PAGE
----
H. Wayne Huizenga School of Business & Entrepreneurship Nova Southeastern University: D.P.A. 2006
The University of Texas at Austin: B.A., Sociology 1995
Media Appearances (4)
Georgia Southern opens Innovation Incubator and FabLab in Statesboro
Atlanta Business Chronicle
Business Innovation Group Director Dominique Halaby said the idea that this is now in place demonstrates for rural America, anything is possible.
“The services you’d normally find in larger urban areas or at institutions like Georgia Tech are now right here in Statesboro and at Georgia Southern,” Halaby said in a statement. “Just in the FabLab component, we have 3-D printing of various types so anyone can come in and manufacture anything that they can imagine, but we also have laser cutters, woodworking equipment and lots of other tools that you might not have in your house but you can have access to right here in this space.”...
Georgia Trend online
“The concept [for the FabLab] came about in a strategic planning retreat that the Statesboro Chamber of Commerce put together back in 2011,” says Dominique Halaby, director of the Bureau for Business Research and Economic Development and the go-to guy for all things FabLab related. “We have a growing creative class, this momentum to have this creative and innovative environment here in Statesboro. When you couple that with the emphasis on manufacturing through our College of Engineering, the FabLab proves a fantastic concept to be able to bring and engage our students, faculty, businesses and even the K-12 system with robotics competitions, anybody in our region will be able to be innovative and create just about anything that they can imagine.”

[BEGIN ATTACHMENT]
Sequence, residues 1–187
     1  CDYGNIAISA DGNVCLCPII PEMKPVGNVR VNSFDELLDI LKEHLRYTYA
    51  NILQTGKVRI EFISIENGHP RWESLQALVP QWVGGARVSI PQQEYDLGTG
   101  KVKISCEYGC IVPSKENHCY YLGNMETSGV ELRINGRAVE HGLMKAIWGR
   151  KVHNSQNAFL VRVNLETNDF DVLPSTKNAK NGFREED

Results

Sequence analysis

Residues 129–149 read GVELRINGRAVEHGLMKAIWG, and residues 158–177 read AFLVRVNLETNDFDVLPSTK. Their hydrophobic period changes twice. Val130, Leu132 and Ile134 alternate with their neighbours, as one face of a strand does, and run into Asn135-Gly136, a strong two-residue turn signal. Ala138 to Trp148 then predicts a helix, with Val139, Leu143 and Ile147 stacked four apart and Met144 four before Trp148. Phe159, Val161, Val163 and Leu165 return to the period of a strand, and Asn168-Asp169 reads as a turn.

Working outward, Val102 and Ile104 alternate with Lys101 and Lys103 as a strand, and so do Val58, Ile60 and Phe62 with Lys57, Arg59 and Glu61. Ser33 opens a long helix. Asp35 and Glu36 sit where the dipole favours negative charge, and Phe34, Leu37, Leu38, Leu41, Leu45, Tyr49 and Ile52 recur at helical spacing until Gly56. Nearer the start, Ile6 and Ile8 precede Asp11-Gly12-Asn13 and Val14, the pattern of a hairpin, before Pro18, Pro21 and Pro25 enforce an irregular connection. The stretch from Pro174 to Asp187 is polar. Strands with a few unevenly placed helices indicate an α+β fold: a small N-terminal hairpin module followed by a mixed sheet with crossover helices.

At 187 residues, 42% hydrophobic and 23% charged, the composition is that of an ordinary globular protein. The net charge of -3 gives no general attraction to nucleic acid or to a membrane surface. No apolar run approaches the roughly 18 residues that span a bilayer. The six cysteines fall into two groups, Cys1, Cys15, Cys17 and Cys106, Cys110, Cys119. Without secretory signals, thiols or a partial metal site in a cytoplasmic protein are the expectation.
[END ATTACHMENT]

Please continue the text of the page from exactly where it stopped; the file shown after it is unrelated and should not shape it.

City Campus reveals plans for 'Fab Lab'
The university challenged the architects to help create emotional ties between City Campus and Georgia Southern's main campus, said Dominique Halaby, the director of the university's Bureau of Business Research and Economic Development. Having students maintain the green wall is one strategy. Changing the glow from light-emitting diodes is another.
The alley should look pretty in soft, white light most nights, Halaby said.
"Except, when Georgia Southern wins, or at commencement or on key events, we want that thing lit blue so you have this blue alley that ties back into the core of what it means to be home to the greatest university in the country," he said. "We want to have that emotional connection extended back into the campus for our students."...
City and GSU plan business incubator
Liberty County Development Authority online
The Hinesville Development Authority is providing an additional $750,000 grant, bringing the total to $1.5 million in support for the business incubator,which will support overall growth to the area.
“I applaud the Hinesville Development Authority and City Manager Kenneth Howard on their steadfast vision and determination for helping Hinesville residents in starting and growing their business,” said BIG Director Dominique Halaby. “As such, I am excited to begin working with them to successfully execute that vision and to make this incubator a reality.”